The Perfect Enemy | Long Covid: What’s changed, and what we know now
December 2, 2022
Read Time:6 Minute

More than two million people in the UK say they have symptoms of long Covid, according to the latest Office for National Statistics (ONS) survey.

Many long Covid patients now report Omicron was their first infection – and I’m one of them.

But almost three years into the pandemic there is still a struggle to be seen by specialist clinics, which are hampered by a lack of resources and research.

Has the condition changed at all, and have treatments started to progress?

The National Institute for Health and Care Excellence defines long Covid, or post-Covid syndrome, as symptoms during or after infection that continue for more than 12 weeks and are not explained by an alternative diagnosis.

An estimated 1.2m of those who answered the ONS survey reported at least one such symptom continuing for more than 12 weeks – health issues that they didn’t think could be explained by anything else.

It’s easy to assume that new cases of long Covid have significantly decreased, given recent research suggesting the risk of developing long Covid from the Omicron variant is lower.

However, the sheer scale of cases over the past year has resulted in more than a third of people with long Covid acquiring it during the Omicron wave, according to the ONS.

The symptoms reported by newer long Covid sufferers are still broadly similar: weakness or tiredness, difficulty concentrating, shortness of breath and muscle aches are mentioned most often.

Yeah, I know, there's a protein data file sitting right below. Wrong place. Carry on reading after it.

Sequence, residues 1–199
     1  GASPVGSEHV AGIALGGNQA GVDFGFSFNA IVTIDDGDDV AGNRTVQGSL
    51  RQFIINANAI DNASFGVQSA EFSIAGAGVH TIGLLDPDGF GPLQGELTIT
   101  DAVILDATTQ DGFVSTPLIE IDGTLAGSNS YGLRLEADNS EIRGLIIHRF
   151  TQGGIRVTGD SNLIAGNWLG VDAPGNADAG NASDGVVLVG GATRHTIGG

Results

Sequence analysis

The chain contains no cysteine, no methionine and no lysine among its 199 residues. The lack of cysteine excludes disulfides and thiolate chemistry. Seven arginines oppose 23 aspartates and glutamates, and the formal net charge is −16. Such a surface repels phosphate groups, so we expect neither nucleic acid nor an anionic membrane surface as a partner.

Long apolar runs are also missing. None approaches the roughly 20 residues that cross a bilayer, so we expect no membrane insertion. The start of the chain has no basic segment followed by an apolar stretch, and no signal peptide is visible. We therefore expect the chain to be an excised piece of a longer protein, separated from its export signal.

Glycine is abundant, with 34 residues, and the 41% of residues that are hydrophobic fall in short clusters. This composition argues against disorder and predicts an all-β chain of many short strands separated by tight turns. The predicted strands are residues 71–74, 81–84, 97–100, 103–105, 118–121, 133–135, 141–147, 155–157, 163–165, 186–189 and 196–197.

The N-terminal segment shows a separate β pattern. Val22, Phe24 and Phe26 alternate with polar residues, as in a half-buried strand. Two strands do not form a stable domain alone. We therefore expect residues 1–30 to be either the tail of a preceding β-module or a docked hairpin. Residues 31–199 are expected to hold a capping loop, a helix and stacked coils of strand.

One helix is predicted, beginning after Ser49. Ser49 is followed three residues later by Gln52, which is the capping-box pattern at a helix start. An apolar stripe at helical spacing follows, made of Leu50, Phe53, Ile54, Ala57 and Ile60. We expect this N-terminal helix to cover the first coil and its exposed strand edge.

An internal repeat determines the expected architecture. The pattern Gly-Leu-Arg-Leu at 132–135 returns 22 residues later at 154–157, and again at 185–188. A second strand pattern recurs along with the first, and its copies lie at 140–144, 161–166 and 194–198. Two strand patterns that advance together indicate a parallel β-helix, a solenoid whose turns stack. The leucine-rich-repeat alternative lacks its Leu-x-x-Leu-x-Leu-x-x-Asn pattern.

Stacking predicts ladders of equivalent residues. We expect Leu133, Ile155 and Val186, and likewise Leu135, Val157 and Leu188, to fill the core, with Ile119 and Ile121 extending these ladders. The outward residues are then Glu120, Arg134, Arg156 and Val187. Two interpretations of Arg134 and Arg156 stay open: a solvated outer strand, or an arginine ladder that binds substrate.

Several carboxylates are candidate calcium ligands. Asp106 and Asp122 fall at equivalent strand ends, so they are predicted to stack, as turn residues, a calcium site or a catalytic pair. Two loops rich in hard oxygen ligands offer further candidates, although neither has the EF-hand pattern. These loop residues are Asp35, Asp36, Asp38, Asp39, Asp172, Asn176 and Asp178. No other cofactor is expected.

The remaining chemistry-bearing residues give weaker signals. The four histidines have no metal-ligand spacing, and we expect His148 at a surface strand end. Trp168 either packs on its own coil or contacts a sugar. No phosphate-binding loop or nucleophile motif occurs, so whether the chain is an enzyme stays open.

What might be surprising is that for many of these people the severity of their long Covid has not diminished.

Liz producing television coverage on location, carrying paperwork with a headset on

After going through a mild Covid infection myself in January, two weeks after returning to work I rapidly went downhill and ended up taking a month off work being closely monitored by doctors and hospital specialists.

Over the following months I spent most days in bed due to fatigue and severe joint pain, and struggled to walk more than a short distance without chest pain.

I experienced significant cognitive issues with memory, speech and hearing, developed pleurisy, and even a reactivated Epstein-Barr virus responsible for my long-forgotten bout of glandular fever more than a decade ago.

I was officially diagnosed with long Covid after 12 weeks and had gone from balancing a demanding job going into the office throughout the pandemic alongside exercise, hobbies and nights out to requiring help with basic tasks and rarely leaving my bedroom.

It’s now been 10 months, and I still experience chronic pain, brain fog, and muscle twitching and I struggle to do simple housework or activities even after taking a prescribed cocktail of painkillers and supplements.

Patients like me are usually referred to post-Covid assessment clinics after experiencing symptoms for 12 weeks – however, waiting times have not improved much within the past year.

The latest NHS England figures show 33% of Londoners given an initial assessment had to wait 15 weeks or more from the time of their referral, compared to 39% from a similar period in 2021.

Long Covid treatment across NHS services in England still varies hugely too, according to the Royal College of Nursing, with some services treating it as a physical condition but others as psychological.

After waiting more than 19 weeks I was finally assessed in August but was left feeling hopeless, with a one-hour Zoom call offering diet and pain management advice – but no further investigations, referrals or treatment.

The British Medical Association (BMA) has called on the government to increase funding for long Covid clinics to deal with ever-increasing patient numbers. The BMA says that NHS England’s 2022 strategy set out in July failed to announce any new funding.